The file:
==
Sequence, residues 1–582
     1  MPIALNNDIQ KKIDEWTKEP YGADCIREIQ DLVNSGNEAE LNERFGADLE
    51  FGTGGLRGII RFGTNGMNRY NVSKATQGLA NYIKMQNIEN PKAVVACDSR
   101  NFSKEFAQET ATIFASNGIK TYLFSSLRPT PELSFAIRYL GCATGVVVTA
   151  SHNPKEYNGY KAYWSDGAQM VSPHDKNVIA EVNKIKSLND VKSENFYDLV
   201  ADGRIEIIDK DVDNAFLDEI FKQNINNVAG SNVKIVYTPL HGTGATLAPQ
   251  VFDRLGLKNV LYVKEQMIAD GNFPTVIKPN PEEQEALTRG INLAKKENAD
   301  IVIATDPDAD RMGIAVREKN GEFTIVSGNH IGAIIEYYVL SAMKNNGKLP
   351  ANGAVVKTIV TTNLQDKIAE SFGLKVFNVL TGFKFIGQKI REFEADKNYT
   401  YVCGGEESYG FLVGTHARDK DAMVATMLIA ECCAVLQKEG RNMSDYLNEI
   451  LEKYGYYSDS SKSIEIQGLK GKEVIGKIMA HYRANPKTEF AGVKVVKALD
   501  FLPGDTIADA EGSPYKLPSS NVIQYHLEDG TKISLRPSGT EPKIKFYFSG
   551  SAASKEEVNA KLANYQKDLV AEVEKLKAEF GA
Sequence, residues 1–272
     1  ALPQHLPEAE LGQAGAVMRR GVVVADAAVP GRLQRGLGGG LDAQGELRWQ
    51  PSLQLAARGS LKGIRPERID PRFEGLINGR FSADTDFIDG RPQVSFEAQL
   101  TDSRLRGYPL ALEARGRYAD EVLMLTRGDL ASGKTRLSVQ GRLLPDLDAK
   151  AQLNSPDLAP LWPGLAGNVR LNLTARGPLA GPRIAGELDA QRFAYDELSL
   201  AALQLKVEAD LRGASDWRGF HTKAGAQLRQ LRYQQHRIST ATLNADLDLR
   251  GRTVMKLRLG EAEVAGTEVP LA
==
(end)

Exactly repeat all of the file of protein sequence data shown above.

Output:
Sequence, residues 1–582
     1  MPIALNNDIQ KKIDEWTKEP YGADCIREIQ DLVNSGNEAE LNERFGADLE
    51  FGTGGLRGII RFGTNGMNRY NVSKATQGLA NYIKMQNIEN PKAVVACDSR
   101  NFSKEFAQET ATIFASNGIK TYLFSSLRPT PELSFAIRYL GCATGVVVTA
   151  SHNPKEYNGY KAYWSDGAQM VSPHDKNVIA EVNKIKSLND VKSENFYDLV
   201  ADGRIEIIDK DVDNAFLDEI FKQNINNVAG SNVKIVYTPL HGTGATLAPQ
   251  VFDRLGLKNV LYVKEQMIAD GNFPTVIKPN PEEQEALTRG INLAKKENAD
   301  IVIATDPDAD RMGIAVREKN GEFTIVSGNH IGAIIEYYVL SAMKNNGKLP
   351  ANGAVVKTIV TTNLQDKIAE SFGLKVFNVL TGFKFIGQKI REFEADKNYT
   401  YVCGGEESYG FLVGTHARDK DAMVATMLIA ECCAVLQKEG RNMSDYLNEI
   451  LEKYGYYSDS SKSIEIQGLK GKEVIGKIMA HYRANPKTEF AGVKVVKALD
   501  FLPGDTIADA EGSPYKLPSS NVIQYHLEDG TKISLRPSGT EPKIKFYFSG
   551  SAASKEEVNA KLANYQKDLV AEVEKLKAEF GA
Sequence, residues 1–272
     1  ALPQHLPEAE LGQAGAVMRR GVVVADAAVP GRLQRGLGGG LDAQGELRWQ
    51  PSLQLAARGS LKGIRPERID PRFEGLINGR FSADTDFIDG RPQVSFEAQL
   101  TDSRLRGYPL ALEARGRYAD EVLMLTRGDL ASGKTRLSVQ GRLLPDLDAK
   151  AQLNSPDLAP LWPGLAGNVR LNLTARGPLA GPRIAGELDA QRFAYDELSL
   201  AALQLKVEAD LRGASDWRGF HTKAGAQLRQ LRYQQHRIST ATLNADLDLR
   251  GRTVMKLRLG EAEVAGTEVP LA